2. Select a feature or set of features using the selection tools provided, or simply click on a feature of interest
  3. The area weighted averages for the climate variables and EEMS model outputs for the selected area will appear in the charts on the right hand side of the screen. You can choose to plot a different climate variable by selecting the variable from the dropdown menu.
  4. Click a data point on the chart to display the corresponding dataset used to generate the plotted value. Click the point again to remove the dataset from the map.

Instructional Video:

Click on the play button below to view an instructional video on the California Climate Console. While this video was created for the California Climate Console, and not the CONUS Climate Console, there is a significant amount of overlap between the two applications. Note, however, that there are some differences between the two applications, and certain features available in one application may not be available in the other. The video will open in a popup.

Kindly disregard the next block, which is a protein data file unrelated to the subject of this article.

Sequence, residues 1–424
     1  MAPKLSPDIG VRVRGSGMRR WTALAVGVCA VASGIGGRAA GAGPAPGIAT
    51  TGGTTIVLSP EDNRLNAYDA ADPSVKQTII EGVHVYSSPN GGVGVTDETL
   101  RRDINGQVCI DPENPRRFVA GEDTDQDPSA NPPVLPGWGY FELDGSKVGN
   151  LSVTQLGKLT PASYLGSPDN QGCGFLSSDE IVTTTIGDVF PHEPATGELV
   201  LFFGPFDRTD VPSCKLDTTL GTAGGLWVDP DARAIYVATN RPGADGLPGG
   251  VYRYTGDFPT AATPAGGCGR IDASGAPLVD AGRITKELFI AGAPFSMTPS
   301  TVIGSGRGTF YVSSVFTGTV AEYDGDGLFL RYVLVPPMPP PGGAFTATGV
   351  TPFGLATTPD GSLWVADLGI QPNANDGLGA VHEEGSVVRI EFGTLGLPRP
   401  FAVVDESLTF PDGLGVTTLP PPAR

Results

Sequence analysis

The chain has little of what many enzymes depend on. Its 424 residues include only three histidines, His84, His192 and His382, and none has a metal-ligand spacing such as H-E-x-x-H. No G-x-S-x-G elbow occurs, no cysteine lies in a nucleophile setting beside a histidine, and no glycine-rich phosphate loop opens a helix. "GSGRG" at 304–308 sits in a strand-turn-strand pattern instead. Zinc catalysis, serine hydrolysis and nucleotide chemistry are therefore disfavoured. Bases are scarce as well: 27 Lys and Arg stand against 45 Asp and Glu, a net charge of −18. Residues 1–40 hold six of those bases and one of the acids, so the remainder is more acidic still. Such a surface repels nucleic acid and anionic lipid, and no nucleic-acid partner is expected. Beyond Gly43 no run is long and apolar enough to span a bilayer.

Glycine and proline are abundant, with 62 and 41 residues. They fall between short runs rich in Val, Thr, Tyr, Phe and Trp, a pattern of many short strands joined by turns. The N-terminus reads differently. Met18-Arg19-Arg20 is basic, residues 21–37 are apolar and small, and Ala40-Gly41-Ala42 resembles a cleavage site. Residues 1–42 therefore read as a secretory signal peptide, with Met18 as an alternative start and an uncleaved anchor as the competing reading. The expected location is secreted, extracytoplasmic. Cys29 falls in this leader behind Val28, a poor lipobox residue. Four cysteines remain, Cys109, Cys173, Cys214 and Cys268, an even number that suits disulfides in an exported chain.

Climate refers to the statistical properties of weather over periods ranging from months to decades or more, and includes average conditions, and the range of variability, as well as the frequency of extreme events (definition borrowed from Pacific Institute for Climate Solutions).

A climate trend is a progressive change in the state of the climate based on weather statistics evaluated over long periods, typically of at least 30 years (definition borrowed from Pacific Institute for Climate Solutions).

To learn more about the differences between climate and weather, click on the play button below.

For more information on climate models use the following link to a presentation created by the Pacific Institute for Climate Solutions: http://pics.uvic.ca/insights/module1_lesson4/player.html.